UN plans to prolong the stalled Geneva peace talks on Yemen with both the exiled government and Iran-backed Houthi militias, starting after the end of the initial 48 hour period for the talks.
The Iranian-backed Houthi delegation in Switzerland mentioned their approval of a ceasefire that would place a limitation on air strikes without including a cessation of hostilities on the ground.
The delegation of Yemeni president, Abd Rabbuh Mansur Hadi, opposed the proposal arguing for a full ceasefire to take place.
The Yemeni delegation has agreed on the Houthis’ request for a cease fire in order for humanitarian aid to enter, only if the Houthis and their supporters strictly follow UN Security Council resolution 2216 that was passed in April.
Resolution 2216 states that the Houthis are to evacuate from the cities and relinquish all captured weapons, in order to not cause instability with neighbouring countries and to put an end to the recruitment of children into militia fighting ranks.
“We are hoping for a permanent humanitarian ceasefire, not a temporary truce. Because a temporary truce is exploited to spread the battlefield and as a tactical measure by some parties,” Khaled Bahah, Yemen's Vice President in exile, told reporters at the Arab League in Cairo.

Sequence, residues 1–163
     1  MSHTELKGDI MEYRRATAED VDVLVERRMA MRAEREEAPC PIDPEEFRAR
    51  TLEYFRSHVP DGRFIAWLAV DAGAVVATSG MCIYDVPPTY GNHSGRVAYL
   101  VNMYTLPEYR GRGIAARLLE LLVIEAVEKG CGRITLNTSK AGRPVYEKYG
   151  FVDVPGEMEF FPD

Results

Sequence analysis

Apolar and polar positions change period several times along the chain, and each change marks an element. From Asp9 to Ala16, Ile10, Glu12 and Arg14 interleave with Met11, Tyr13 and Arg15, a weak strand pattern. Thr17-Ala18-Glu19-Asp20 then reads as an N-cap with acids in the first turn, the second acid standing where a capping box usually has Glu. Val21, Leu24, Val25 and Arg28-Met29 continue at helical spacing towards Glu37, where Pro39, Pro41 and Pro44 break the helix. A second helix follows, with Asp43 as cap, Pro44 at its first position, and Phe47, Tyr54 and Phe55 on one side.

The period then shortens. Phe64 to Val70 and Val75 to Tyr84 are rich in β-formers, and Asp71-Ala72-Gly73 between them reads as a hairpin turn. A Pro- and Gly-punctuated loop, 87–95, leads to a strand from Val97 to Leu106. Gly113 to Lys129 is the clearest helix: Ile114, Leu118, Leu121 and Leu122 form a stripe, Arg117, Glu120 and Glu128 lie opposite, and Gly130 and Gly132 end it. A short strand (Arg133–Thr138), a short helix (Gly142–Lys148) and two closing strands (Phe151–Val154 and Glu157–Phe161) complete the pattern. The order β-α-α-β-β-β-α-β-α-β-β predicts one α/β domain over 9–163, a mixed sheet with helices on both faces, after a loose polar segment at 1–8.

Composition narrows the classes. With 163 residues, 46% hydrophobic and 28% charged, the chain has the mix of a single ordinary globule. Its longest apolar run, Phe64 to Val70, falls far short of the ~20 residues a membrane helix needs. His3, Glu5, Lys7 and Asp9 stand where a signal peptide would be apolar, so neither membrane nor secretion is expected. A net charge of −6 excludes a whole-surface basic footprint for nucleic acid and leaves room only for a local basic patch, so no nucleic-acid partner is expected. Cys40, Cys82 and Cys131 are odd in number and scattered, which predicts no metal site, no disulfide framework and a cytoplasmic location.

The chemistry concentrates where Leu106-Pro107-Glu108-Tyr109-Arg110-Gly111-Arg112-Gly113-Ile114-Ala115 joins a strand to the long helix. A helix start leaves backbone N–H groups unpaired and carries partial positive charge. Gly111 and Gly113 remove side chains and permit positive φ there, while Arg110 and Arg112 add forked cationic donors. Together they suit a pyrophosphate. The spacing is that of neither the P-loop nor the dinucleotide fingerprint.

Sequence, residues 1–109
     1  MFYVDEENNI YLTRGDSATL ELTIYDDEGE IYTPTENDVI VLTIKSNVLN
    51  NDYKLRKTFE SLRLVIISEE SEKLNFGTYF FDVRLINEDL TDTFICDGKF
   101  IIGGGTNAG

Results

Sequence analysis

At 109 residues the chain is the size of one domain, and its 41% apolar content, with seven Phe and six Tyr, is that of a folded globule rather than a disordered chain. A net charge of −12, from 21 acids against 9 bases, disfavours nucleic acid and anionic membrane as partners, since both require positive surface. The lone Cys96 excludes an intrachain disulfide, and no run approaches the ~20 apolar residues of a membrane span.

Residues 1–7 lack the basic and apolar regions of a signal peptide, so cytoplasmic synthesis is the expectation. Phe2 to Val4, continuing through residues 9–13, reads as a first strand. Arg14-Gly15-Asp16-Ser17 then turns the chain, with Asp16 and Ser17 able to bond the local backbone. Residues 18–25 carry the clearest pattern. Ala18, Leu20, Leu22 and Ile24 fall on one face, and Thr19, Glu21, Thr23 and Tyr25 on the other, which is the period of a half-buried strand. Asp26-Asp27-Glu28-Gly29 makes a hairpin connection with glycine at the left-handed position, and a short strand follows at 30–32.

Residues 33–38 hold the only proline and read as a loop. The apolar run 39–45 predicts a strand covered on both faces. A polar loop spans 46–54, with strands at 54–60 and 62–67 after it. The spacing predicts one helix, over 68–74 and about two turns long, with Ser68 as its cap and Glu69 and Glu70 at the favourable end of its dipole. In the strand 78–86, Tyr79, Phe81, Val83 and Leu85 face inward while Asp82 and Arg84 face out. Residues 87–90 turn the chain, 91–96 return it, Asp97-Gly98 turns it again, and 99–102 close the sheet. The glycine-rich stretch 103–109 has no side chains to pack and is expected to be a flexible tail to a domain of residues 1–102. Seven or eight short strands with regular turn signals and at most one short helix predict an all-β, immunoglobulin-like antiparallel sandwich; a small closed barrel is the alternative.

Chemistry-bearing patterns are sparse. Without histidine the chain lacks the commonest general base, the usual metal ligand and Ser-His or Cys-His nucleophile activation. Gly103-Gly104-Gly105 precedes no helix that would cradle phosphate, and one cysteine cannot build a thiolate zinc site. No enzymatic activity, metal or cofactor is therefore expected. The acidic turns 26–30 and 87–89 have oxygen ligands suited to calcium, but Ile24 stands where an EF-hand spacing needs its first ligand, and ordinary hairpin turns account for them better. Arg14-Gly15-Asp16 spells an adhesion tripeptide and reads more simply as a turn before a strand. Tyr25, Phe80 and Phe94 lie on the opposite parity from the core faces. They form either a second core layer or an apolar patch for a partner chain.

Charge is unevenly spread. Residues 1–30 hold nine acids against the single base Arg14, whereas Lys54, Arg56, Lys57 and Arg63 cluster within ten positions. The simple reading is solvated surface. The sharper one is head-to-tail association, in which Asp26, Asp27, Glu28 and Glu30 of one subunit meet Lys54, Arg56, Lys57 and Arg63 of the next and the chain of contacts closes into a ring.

Since March 25th, a Saudi-led coalition has been aiding the exiled government to restore its territorial integrity by carrying out air strikes against the Iranian-backed Houthis.
The Saudi Arabian-led coalition included fighter jets from eight different Arab nations. Somalia has made its airspace, territorial waters and military bases available for coalition use. The United States has provided intelligence and logistical support. While Pakistan agreed to provide warships to help the coalition enforce the naval blockade.
Caught between the two fighting sides, Yemen has been facing an extensive humanitarian crisis.
On Thursday, Yemeni opponents of the Houthi militias interrupted a news conference by Houthi officials, throwing shoes and insulting them as “criminals” and “dogs” who were “killing the children of south Yemen.”
A woman, whose name has not been mentioned to the press, approached the podium and threw her shoe at Hamza Al-Houthi, head of the Houthi delegation, who maintained his composure throughout the incident which led to a fistfight between the Houthis and protesters whom were then hauled out.
The UN official trying to reach a settlement between the clashing parties, Ahmad Fawzi, is hoping to announce progress by the end of this Friday, though negotiations could continue until the weekend.